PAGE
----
NEW YORK — The Latest on Colin Kaepernick's Nike deal. (all times local):
President Donald Trump says Nike is sending a "terrible message" by making Colin Kaepernick part of a new ad campaign tied to the 30th anniversary of its "Just Do It" series.
Trump told The Daily Caller that "there's no reason for it" but he also feels Nike's ability to make its own business decisions "is what this country is all about."
Trump has been a frequent critic of protesting NFL players. He has loudly urged the league to suspend or fire players who demonstrate during the anthem.
The Republican president is also a key figure in Kaepernick's grievance case against the league. Some NFL owners have said Trump made clear to them his feelings about demonstrations during the anthem and his intention to continue to raise the issue.
Kaepernick is arguing the owners colluded to keep him off any roster.
An NFL executive says the social justice issues raised by Colin Kaepernick and other football players "deserve our attention and action."
Jocelyn Moore is the league's executive vice president of communications and public affairs. She said Tuesday that the NFL embraces the role of players and others in the game to promote "meaningful, positive change in our communities."
The statement is the league's first since Nike and the former 49ers quarterback announced he would be part of a new ad campaign tied to the 30th anniversary of the famed "Just Do It" series. Kaepernick tweeted an image Monday that said: "Believe in something. even if it means sacrificing everything."
Moore's statement came with a detailed breakdown of things players and league executives have done together to learn about and address social issues, including community meetings, lobbying and financially supporting local programs.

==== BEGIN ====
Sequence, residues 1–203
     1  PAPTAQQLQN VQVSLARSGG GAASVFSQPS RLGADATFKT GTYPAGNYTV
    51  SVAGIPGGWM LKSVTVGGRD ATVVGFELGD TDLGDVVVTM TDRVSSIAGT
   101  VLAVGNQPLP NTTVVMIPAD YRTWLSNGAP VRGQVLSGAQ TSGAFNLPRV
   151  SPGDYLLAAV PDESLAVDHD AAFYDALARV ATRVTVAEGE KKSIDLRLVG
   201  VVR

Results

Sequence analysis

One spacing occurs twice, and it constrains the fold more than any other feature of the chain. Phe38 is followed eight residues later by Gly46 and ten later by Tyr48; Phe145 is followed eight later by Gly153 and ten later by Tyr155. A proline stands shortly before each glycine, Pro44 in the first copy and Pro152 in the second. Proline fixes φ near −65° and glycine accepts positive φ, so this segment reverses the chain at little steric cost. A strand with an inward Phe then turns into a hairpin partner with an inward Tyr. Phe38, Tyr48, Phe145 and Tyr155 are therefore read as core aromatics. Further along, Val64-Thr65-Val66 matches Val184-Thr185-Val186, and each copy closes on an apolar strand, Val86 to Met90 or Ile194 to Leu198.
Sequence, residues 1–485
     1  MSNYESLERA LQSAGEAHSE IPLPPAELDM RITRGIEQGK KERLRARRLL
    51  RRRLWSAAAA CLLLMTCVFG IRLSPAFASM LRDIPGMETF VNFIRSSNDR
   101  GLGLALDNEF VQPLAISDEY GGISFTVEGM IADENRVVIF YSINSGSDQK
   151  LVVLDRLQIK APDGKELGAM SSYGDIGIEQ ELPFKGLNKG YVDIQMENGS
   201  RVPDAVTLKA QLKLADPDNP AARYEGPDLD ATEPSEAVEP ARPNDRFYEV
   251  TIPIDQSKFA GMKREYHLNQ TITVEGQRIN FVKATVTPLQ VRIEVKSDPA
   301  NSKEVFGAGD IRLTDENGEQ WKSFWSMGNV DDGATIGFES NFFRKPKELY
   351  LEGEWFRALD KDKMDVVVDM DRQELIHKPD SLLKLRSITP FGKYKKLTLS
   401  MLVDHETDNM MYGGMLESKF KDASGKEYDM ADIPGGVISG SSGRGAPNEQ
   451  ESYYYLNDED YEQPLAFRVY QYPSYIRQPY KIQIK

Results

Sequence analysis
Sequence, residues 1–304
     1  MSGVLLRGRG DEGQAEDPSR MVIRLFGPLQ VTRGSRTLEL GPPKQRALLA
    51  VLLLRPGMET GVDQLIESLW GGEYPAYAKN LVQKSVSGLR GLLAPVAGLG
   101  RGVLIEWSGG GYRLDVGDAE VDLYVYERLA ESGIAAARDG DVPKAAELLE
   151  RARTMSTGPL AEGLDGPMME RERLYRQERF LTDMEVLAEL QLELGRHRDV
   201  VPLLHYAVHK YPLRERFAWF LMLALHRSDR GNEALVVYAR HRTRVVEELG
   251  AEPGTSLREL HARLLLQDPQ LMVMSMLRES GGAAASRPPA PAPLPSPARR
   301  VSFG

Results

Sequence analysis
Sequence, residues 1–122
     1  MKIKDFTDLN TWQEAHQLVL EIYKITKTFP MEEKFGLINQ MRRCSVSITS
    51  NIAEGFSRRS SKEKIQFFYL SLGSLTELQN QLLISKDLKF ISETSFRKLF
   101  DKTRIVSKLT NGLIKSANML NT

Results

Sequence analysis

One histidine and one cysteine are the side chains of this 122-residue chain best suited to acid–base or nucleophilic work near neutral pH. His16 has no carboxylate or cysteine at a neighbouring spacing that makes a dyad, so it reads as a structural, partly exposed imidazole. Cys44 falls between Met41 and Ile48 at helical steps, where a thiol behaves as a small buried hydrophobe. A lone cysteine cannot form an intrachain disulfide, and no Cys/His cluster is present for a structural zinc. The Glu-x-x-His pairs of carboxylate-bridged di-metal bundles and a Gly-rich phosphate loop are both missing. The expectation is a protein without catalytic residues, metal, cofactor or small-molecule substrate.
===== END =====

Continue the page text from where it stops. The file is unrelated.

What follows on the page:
Country singer John Rich of Big & Rich is criticizing Nike for hiring former San Francisco 49ers quarterback Colin Kaepernick for a new ad campaign and posted a picture of cut up Nike socks.
Rich tweeted on Monday night that a member of his crew cut the trademark swoosh off his socks and that he was also planning to burn them. Kaepernick began a wave of protests by NFL players two seasons ago, kneeling during the national anthem to protest police brutality and racial inequality.
In a series of tweets that continued Tuesday, Rich, who was also on "The Celebrity Apprentice," said he supported the right to protest, but that Nike lost his support when they endorsed Kaepernick.
Nike's stock is falling in early trading on Tuesday following an announcement that former San Francisco 49ers quarterback Colin Kaepernick has a new deal with the athletic clothing and footwear maker.
Kaepernick's attorney, Mark Geragos, made the announcement on Twitter, calling the former San Francisco 49ers quarterback an "All American Icon."
Kaepernick already had a deal with Nike that was set to expire, but it was renegotiated into a multiyear deal to make him one of the faces of Nike's 30th anniversary "Just Do It" campaign, according to a person familiar with the contract.
The NFL and Nike extended their partnership in March to run through 2028. Nike provides all NFL teams with game-day uniforms and sideline apparel that bears the swoosh logo.
Shares of Nike Inc. dropped 2 percent.